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Pre-Sentence Investigations Waived for Alleged Connecticut Killer

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Connecticut residents were horrified last summer when two lifelong criminals reportedly raped, murdered, and killed a mother and her two daughters before setting their house on fire in an effort to cover their crimes. Stories here and here. Suspect Joshua Komisarjevsky lengthy arrest and parole history is detailed here.

Now comes information that another home invasion and murder this past weekend in Connecticut likely involved a sex offender with several previous convictions whose PSI's were waived several times:

When Williams was sentenced in 1996 and 2000 for burglary and sexual assault, the judges in both cases did not seek a report examining his personal history.

Pre-sentencing investigative reports, known commonly as PSIs, are an exhaustive look into an offender's life.

Written by about 25 to 30 probation officers across the state, they can delve into an offender's drug abuse problems, school records, family history, past offenses, any mental health issues, social history and past success or failure with probation. Interviews with victims and family members are often conducted, giving a judge a fuller picture of an offender about to be sentenced.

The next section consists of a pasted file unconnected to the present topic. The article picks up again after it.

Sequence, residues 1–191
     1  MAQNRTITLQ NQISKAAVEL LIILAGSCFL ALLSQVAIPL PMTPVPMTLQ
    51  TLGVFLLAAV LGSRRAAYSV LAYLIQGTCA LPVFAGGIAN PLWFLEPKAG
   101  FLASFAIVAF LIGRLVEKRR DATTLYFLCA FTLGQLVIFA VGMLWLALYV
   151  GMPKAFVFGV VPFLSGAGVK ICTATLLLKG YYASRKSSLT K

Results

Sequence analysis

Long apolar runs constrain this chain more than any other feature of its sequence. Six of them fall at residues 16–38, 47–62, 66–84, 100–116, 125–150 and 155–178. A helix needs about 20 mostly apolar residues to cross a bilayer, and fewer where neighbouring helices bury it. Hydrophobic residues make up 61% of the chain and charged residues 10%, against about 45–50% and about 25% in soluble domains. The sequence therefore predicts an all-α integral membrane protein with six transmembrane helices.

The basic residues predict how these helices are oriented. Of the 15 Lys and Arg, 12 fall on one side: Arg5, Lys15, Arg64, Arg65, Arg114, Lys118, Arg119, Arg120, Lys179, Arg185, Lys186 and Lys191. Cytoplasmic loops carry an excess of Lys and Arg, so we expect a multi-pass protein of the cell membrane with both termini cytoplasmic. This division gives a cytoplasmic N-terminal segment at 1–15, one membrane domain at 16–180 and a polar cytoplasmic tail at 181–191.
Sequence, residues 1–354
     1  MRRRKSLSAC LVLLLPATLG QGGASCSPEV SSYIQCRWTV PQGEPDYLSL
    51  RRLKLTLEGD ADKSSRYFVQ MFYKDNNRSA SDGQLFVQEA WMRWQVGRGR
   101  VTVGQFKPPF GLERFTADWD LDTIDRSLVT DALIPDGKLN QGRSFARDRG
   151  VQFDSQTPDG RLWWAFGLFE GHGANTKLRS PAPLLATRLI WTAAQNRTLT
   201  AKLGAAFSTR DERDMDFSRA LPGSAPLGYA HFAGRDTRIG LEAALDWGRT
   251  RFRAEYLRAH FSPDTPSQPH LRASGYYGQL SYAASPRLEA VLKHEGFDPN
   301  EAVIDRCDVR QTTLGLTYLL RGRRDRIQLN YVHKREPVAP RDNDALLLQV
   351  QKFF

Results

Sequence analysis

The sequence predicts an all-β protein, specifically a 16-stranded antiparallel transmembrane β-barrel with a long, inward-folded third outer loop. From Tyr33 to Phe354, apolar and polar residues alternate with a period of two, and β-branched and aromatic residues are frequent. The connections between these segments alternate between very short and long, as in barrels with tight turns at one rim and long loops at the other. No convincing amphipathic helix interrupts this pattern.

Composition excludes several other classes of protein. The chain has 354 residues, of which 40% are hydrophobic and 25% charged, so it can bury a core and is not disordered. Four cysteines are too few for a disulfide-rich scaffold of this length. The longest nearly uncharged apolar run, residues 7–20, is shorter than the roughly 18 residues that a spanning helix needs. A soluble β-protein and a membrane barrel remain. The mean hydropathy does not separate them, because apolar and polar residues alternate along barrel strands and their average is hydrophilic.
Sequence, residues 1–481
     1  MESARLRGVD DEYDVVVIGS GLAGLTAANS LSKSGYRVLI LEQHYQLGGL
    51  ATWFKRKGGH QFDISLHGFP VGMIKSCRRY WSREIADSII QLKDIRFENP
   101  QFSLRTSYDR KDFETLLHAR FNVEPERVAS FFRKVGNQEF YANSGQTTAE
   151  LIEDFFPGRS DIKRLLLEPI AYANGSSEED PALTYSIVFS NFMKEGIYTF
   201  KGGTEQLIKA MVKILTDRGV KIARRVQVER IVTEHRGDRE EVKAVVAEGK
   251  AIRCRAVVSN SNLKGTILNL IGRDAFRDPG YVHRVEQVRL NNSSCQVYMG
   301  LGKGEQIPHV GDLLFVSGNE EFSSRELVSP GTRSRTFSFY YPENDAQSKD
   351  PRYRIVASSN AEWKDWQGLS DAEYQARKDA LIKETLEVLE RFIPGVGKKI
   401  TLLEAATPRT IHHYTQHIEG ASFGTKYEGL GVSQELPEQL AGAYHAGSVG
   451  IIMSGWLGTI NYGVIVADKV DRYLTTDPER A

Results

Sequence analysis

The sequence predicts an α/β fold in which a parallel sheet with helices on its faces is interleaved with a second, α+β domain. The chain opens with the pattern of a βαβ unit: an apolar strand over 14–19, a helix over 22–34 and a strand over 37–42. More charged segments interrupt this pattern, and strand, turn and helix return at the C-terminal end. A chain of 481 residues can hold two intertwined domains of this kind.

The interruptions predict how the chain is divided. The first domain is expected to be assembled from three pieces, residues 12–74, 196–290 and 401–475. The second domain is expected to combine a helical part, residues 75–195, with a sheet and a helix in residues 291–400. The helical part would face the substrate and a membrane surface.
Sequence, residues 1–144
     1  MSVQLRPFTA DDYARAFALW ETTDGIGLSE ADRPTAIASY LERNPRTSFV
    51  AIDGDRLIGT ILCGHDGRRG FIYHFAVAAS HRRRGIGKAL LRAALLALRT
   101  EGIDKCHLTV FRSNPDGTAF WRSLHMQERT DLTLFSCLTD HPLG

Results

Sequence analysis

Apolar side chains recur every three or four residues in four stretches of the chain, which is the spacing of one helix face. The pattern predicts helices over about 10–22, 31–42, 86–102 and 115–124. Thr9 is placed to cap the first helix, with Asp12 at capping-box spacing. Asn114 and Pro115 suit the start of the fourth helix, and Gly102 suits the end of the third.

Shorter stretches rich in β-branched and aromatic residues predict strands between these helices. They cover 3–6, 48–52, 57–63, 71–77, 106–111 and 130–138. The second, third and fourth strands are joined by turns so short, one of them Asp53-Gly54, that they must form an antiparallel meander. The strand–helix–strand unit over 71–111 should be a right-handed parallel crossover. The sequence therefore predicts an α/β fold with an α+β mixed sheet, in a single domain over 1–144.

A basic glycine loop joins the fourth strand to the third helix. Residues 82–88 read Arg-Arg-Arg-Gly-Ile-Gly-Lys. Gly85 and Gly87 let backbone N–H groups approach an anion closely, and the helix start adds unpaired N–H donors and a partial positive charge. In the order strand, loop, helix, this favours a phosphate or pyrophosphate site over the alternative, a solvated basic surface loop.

According to a news story, the suspect said he had "no choice" but to kill the two women.

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"He told police he had made many mistakes such as allowing the females time to memorize his face," the warrant said. "That is when Williams realized he would have to kill both females."

It apparently never occurs to this guy that his mistake was choosing to commit the crime in the first place. Regrettably, some people simply have no intention of ever going straight.

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